Mango was introduced to Jamaica in the 1700s after the English captured a French ship on which the plant was.  

Today, mangoes are grown all over Jamaica. In some areas of rural Jamaica, you will find mango trees growing by the roadside, oftentimes the result of someone eating the fruit and nonchalantly tossing the seed away.

But usually these plants turn out to be Stringy, (otherwise called common mango), or maybe Green Gauge, Number 11, Sweetie or other species of the more popular types of mangoes.

You wouldn’t normally find a Julie or East Indian tree growing loosely by the roadside. These mangoes are considered cream of the crop and are cultivated formally and command the highest prices in Jamaica…and with good cause; they’re the most delicious!

Mango trees are among a group of favorite fruit trees that Jamaicans love to have in their yards. Most of them will tell you that it is the only must-have tree they need.   

Here, we give you a list of 15 of the most popular species of mango grown in Jamaica (in alphabetical order).

  •  
  • Beefy
  • Blackie
  • Bombay
  • East Indian
  • Green Gauge
  • Haden
  • Hairy
  • Julie
  • Kidney
  • Long
  • Number 11
  • Robin
  • Stringy
  • Turpentine

 

 

 For a stranger to Jamaica, it would be easy to tell when it’s mango season on the island.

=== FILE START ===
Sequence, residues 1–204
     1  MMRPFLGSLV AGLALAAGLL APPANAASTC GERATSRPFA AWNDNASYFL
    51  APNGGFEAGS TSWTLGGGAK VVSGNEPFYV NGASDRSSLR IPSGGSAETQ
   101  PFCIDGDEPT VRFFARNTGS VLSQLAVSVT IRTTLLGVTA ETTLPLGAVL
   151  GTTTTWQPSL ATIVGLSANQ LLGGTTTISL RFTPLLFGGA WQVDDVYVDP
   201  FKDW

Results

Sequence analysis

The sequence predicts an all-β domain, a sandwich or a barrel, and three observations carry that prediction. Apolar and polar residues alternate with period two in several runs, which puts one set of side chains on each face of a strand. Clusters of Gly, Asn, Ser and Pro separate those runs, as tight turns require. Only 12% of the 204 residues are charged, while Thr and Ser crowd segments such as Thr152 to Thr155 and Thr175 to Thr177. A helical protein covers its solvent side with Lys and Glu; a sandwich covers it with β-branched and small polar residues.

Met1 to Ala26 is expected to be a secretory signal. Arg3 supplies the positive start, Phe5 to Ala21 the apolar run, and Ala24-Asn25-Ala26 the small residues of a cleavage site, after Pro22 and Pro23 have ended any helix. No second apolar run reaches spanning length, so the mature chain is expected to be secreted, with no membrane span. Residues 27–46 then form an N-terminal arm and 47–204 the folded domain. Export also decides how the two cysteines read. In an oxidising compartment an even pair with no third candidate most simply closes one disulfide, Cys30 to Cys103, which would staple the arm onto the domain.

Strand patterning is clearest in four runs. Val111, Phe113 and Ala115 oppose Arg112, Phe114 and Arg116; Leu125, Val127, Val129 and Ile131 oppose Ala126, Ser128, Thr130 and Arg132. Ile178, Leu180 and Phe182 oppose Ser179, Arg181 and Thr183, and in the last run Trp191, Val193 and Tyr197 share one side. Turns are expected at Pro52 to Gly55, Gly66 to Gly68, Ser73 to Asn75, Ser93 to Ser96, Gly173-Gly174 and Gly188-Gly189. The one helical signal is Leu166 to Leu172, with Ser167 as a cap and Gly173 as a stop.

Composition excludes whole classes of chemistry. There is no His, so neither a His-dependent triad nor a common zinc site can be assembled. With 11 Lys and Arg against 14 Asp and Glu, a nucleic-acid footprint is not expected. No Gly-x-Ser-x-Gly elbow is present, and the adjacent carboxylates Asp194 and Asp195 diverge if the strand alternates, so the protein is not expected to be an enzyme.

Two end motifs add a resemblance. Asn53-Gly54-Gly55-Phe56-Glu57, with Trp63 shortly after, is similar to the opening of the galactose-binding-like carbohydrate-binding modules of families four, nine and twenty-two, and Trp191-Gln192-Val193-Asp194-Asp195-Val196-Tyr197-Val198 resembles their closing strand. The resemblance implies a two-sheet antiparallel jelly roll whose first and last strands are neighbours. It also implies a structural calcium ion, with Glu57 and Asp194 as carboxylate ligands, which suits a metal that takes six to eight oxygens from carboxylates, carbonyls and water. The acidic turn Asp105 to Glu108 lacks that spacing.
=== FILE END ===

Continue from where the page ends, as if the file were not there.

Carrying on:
Along the street sides of major towns, you will find vendors with trays, bags or boxes of mangoes, for the most part willing to negotiate a price for the delicious, juicy, meaty fruits.

And if you’re driving along a country road, it’s not uncommon to come upon a section of the road littered with mangoes that had fallen from over hanging trees.

Typically, any time between April and September, mangoes could be in season in Jamaica.

Now, if a Jamaican should get lost in the countryside, he wouldn’t mind, as long as it’s mango season and the fruits are accessible.

That assertion sums up the passion that Jamaicans have for mangoes and one would readily tell you that “Mango season nice!”

Growing up as a kid in rural Jamaica, the best part of summer would be going to mango “walk” (when used this way, “walk” is a Jamaican term for orchard) to gather mangoes and then eating them right there underneath the tree.

 Usually in a mango walk you will find species such as Number 11, Stringy, Green Gauge or Sweetie, as these are the types that are mostly available across the Jamaican landscape and would also fetch a lower price in the market place.

The more expensive types, such as Julie and East Indian, are usually grown in a more protected environment and would not necessarily be found in a mango walk.

 Nutritionally, mangoes offer high value for money. They are rich in vitamins A, B6, C, E and K, niacin, folate, thiamine, riboflavin, potassium, magnesium, calcium, iron and more. Jamaicans just eat ‘em for the love of it!